Athlete of the Month September 2015


Name: Adam Gierlach

Hometown: Moraga, CA

Age: 25

Occupation: Video Coordinator for Rice University Men’s Basketball

Sports & Fitness Background

I played competitive AAU and high school basketball growing up. It was a year-round deal of constant skill workouts, practices, and traveling for AAU and high school tournaments. I wasn’t good enough to be recruited at the Division-I level, but I have a passion for basketball and coaching and attended Rice due to a connection I had with the previous coaching staff. I was a student manager and practice player for Rice Basketball while I was an undergrad and have worked in collegiate athletics in various positions for the past 7 years (including my time as a manager).

How did you first get exposed to CrossFit?

One of my friends at Rice taught a CrossFit class through the Rec Center on campus and she constantly pumped it up to us at lunch and whatnot. I never took it seriously; I had been around strength and conditioning programs since high school and didn’t approach CrossFit with an open mind during my first exposure. After my first season of working for Rice Basketball without being able to practice for the team, I found I needed a fitness routine and a daily competitive outlet. One of my college buddies, who took our friend’s class while we were students, really pushed me to try CrossFit.

We signed up for one of the intro classes at H-Town and it kicked my ass. I think the workout was 500m row, 40 squats, 30 sit-ups, 20 pushups, 10 pull-ups. My push-ups were definitely not RX and I couldn’t do pull-ups either. I think the WOD took me around 6 minutes and I threw up immediately after. Like most people who get hooked on CrossFit, the workout sucked but it was one of those great adrenaline, competitive kicks that made we want to keep coming back.

What sort of changes have you seen in your body, health, fitness…?

There are the obvious physical benefits. I think I’m leaner through the waist and broader in the shoulders; pants and shorts are definitely a little looser than they were before. My weight is back to my “playing” weight and I’m able to support the same weight while being leaner and stronger. I think there might be a little more definition when I look in the mirror as well (I could also just be imagining it).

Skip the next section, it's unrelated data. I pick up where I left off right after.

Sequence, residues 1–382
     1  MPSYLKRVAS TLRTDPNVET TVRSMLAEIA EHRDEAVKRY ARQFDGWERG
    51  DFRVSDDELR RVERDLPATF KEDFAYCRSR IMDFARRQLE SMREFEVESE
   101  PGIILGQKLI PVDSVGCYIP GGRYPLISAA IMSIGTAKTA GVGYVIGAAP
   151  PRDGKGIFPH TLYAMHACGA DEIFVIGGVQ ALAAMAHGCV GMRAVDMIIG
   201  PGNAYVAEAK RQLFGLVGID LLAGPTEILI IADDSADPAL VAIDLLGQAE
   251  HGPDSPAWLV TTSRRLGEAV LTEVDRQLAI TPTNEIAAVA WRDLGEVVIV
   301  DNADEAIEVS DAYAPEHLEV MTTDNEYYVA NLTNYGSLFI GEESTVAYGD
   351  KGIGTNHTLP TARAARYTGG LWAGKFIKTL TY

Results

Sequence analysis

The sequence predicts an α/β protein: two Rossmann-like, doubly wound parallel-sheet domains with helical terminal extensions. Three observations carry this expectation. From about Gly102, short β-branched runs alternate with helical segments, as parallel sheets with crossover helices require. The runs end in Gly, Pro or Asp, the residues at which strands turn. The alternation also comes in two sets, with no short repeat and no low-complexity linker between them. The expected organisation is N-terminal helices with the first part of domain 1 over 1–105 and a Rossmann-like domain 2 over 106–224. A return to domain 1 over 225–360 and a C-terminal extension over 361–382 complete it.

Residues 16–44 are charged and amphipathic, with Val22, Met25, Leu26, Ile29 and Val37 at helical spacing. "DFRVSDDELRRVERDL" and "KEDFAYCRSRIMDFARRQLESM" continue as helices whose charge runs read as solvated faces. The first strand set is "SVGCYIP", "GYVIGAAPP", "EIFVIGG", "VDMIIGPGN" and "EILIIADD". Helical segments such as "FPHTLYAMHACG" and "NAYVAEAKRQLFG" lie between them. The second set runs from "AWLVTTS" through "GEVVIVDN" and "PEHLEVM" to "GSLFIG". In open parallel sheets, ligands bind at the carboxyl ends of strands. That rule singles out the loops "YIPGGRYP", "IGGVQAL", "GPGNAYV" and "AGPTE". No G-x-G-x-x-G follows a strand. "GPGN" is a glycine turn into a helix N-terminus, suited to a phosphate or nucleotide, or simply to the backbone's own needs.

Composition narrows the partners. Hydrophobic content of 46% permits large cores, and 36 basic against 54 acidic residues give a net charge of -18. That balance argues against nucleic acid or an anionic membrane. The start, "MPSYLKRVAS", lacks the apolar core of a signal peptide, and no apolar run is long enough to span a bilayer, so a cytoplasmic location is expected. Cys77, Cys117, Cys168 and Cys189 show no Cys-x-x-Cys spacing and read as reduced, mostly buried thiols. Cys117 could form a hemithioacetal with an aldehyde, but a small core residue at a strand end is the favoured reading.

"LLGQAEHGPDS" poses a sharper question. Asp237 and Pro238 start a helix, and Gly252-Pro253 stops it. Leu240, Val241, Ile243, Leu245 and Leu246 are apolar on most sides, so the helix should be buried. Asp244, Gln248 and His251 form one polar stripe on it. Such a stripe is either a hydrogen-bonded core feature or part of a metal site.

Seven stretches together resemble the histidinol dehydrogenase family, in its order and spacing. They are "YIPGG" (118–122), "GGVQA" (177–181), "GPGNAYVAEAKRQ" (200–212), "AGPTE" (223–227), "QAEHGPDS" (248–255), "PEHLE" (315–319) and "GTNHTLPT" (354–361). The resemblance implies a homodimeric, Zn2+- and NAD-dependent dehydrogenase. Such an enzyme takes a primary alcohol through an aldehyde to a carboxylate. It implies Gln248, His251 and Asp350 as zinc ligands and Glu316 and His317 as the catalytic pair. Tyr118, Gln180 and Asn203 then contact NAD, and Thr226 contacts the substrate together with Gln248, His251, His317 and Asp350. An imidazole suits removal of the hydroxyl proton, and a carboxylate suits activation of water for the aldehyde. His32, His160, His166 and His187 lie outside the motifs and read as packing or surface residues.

The big thing CrossFit has done for me though is just increase my general happiness. I have a chronic pain syndrome called Reflex Neurovascular Dystrophy (RND). I’ve been in intense, chronic pain for over 10 years. There’s no real cure and it doesn’t respond to traditional pain management methods. While it doesn’t physically prevent me from doing anything like a broken arm would, it’s obviously still burdensome. And so CrossFit allows me to stay mentally strong, to get a little bit of a mental toughness kick from doing something incredibly tough given my circumstance. It provides a brief distraction from a stressful work day and provides a way for me to compete every day.

What sort of changes in your life have you experienced that were unexpected…?

CrossFit has helped me become a better basketball coach. The understanding of how the body moves, how to translate power, and recognize deficiencies in mobility or strength in someone else has been big for me in addressing a hole in a player’s game or figuring out why they do something a certain way. Even little things like seeing how a CrossFit workout is programmed has helped me better understand how the programming of our workouts leads to a better training session or skill instruction for our players. Even seeing how the coaches at the gym give cues or instruction has helped me in my communication style. Experimenting with short cues or using creative metaphors to give instruction has helped me become a more effective communicator.